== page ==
Things to see and do - Schengen
Leaving for Belgium
Luxembourg: the Moselle valley and 'little Switzerland'
Luxembourg: the Moselle valley and 'little Switzerland'
Want to get the feel of tomorrow's Europe? Want to explore a country that is familiar yet different? Discover Luxembourg, travelling along some of its most beautiful routes.
With its compact dimensions - 51 miles stretching north to south and 36 miles across from east to west - you can tour Luxembourg with ease in 3 to 5 days. Read on for two suggested tours, both ideal if you are visiting for a long weekend...
The duchy's past represents European history in a nutshell. Since the division of the Carolingian Empire in 843, Luxembourg has always been the place where France has clashed with Germany. These woeful facts and its geographical position as a natural stronghold explain the country's tumultuous history: successions, annexations, divisions, dismantling... From the Dukes of Burgundy to the Habsburgs, from Louis XIV to the French Revolution, from the Netherlands to Belgium, virtually all European countries have, at one time or another, wanted to gobble up this small country.
Present day Luxembourg was created by the 1839 Treaty of London at the cost of a harrowing amputation - three-fifths of the country's area (the French speaking part, accounting for half the population) was taken over by Belgium. Lëtzebuergesch, a German dialect, is now the national language, but trilingualism is the norm. Locals communicate in Lëtzebuergesch, French by contrast is used in government sectors and on virtually all road signs while the press, for its part, is 90% in German!
With its high number of Mediterranean labourers, the daily immigration of some 110,000 Belgian, German and French workers and 7,800 officials working in European institutions, Luxembourg stands out as a mini United Nations with its 32% foreign population, rising to 50% in Luxembourg city alone.
Shortly after Stadtbredimus, leave the N10 and turn left towards Greiveldange. The road climbs up among vines, offering splendid views over the meandering Moselle. After Greiveldange, return to the N10 in the valley and head towards Wasserbilig, crossing through Ehnen and its old district, Wormeldange with its large wine cellars, the centre of Luxembourg's Riesling and Grevenmacher wines...
The wine road finishes in Wasserbilig, where the two rivers, the Sûre and the Moselle, meet - the ideal departure point for boat excursions.
The architectural heritage is remarkable and had a narrow escape - the town was almost completely destroyed in September 1944 under the cross-fire of the Americans and Germans during the Ardennes offensive. But fortunately it doesn't show! The small streets in the pedestrianised town centre are lined with beautiful traditional houses, and on the Place du Marché, you'll see the former 15th century law courts with their Gothic arcades and bartizans.
A few strides from there, forming, as it were, a town within the town with its imposing size, is the abbey. This monastery had a great intellectual influence in the Middle Ages, but while precious manuscripts exist from those days (including the famous Codex Aureus kept in Nuremberg), the medieval buildings have completely disappeared, the last ones destroyed in 1724. The buildings seen today are mainly from the 18th century and have a fine classical appearance.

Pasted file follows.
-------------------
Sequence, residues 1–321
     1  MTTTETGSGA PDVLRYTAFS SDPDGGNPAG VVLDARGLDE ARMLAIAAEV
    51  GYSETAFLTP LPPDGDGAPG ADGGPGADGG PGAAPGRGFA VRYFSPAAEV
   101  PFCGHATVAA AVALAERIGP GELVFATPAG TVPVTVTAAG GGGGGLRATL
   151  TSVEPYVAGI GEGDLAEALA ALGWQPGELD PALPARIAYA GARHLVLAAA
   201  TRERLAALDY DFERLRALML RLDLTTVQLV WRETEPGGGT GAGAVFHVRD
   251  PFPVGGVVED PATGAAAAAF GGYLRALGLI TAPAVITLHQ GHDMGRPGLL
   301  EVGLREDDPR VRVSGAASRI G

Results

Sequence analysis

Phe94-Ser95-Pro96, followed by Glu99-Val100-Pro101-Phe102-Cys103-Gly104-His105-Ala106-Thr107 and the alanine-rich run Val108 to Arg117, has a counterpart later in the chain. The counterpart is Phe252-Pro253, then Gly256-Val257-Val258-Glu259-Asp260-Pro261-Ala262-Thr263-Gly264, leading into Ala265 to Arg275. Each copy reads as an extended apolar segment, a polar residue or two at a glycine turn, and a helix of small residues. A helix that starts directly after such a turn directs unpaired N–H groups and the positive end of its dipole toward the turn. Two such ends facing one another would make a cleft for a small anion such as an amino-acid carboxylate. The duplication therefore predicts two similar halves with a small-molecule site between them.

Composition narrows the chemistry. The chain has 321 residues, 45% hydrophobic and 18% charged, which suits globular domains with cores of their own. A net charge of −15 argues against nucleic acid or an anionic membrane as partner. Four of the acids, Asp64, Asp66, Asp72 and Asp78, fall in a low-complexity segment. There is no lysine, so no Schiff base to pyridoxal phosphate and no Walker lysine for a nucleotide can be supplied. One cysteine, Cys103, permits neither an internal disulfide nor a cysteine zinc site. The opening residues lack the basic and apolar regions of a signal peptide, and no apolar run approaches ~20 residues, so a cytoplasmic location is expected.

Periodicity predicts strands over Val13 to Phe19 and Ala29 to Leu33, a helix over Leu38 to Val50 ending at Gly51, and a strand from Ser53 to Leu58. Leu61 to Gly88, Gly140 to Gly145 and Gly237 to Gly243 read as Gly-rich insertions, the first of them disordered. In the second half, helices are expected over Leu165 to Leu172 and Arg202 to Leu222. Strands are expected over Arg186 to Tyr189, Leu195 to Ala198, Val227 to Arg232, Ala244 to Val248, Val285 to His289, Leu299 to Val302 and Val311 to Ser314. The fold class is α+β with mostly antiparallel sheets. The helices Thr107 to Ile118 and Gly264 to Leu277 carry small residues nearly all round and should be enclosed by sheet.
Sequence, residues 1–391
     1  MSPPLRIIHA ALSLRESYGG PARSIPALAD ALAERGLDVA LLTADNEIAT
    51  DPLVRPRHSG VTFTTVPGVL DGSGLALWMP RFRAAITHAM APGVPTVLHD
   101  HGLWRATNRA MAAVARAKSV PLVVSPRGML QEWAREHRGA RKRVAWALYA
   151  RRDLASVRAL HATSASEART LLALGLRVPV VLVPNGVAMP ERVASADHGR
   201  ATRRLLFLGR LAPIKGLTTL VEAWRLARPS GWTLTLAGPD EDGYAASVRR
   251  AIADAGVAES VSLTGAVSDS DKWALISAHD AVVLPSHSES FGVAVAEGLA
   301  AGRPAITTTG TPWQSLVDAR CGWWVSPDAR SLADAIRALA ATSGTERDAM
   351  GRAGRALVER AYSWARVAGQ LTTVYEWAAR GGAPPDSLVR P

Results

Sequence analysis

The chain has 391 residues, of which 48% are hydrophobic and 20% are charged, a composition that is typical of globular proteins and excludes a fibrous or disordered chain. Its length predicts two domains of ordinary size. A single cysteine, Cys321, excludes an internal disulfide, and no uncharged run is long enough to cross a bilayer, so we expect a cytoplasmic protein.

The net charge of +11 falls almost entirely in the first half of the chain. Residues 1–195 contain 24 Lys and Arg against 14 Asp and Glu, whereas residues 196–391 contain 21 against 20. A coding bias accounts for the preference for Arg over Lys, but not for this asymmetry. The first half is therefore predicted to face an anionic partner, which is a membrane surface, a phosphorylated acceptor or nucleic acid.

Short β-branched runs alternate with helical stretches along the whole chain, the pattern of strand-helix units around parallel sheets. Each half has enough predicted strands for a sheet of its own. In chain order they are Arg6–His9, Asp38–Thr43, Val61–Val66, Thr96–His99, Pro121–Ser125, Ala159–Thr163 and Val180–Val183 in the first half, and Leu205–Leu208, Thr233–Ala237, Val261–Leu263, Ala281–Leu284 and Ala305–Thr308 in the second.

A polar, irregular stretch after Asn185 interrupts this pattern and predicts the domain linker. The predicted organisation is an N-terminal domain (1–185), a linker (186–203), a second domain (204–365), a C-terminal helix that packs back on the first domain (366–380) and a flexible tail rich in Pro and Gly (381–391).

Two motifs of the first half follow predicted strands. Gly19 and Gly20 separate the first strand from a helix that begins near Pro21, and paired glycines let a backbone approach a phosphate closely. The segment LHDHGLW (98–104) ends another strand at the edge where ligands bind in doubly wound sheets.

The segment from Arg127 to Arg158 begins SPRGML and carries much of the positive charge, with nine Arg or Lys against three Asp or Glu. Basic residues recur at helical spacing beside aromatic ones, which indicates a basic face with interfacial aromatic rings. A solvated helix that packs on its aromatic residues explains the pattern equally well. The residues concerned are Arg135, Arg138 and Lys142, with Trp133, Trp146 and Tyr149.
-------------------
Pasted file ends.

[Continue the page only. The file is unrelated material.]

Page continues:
Alongside the monastery, the colossal St-Willibrord Basilica looks like a Romanesque building with four towers. As the ancient towers were destroyed in 1944, it was decided to restore the basilica to its original style, discarding the previous Gothic model and additions. As for Saint Willibrord, he would hardly be remembered today if it wasn't for the dancing procession dedicated to him each Whit Tuesday since the 15th century. As the Saint had the power to cure chorea - better known as Saint Vitus's dance - the inhabitants of Echternach pay homage to him by crossing the town dancing and hopping to polka music. From the end of May to the end of June, the basilica hosts musical events as part of the International Echternach Festival.
On leaving Echternach, head off in the direction of Diekirch and drive alongside the Sûre river. Then turn left towards Berdof. Shortly after the turn you'll cross wooded massifs.
The magnificent scenery becomes almost magical when you reach the Perekop rock which overhangs the road by almost 130 ft. If you dare, take the staircase carved out of a narrow crevice in the rock to its summit: you'll be level with the forest canopy with a fine view over the sea of green and the winding road below.
At the Perekop rock, you can join the hiking path connecting Echternach to Grundhof at the place where it skirts the Aesbach stream. Up to Berdof and beyond, the road is peppered on both sides with oddly shaped rocks with highly suggestive names passed on as a tradition: Hölle (Hell), l'Ile du diable (Devil's Island), Priedigtstull (The Pulpit), etc. As to be expected, this area, ideally situated at the heart of Little Switzerland, is at the crossroads of many hiking paths (41 miles signposted).
The road then descends down into the Mullerthal valley, which you should keep for later after a quick detour to Beaufort (turn right at Vogelsmuhle and then left). This little town is known for its Renaissance château and the highly romantic 12th century castle in ruins, described by Victor Hugo: 'It comes into view at a turn in the road, in a forest, at the bottom of a ravine, like a vision. What a splendid sight.'
Return to Vogesmuhle and turn right. The road then enters the Mullerthal (the Millers' Valley), a paradise with lush meadows crossed by a river interspersed with little waterfalls! On the wooded slopes, you'll see strange masses of sandstone dotted around.
Sadly the dream ends here. Return to Echternach through Consdorf and Scheidgen.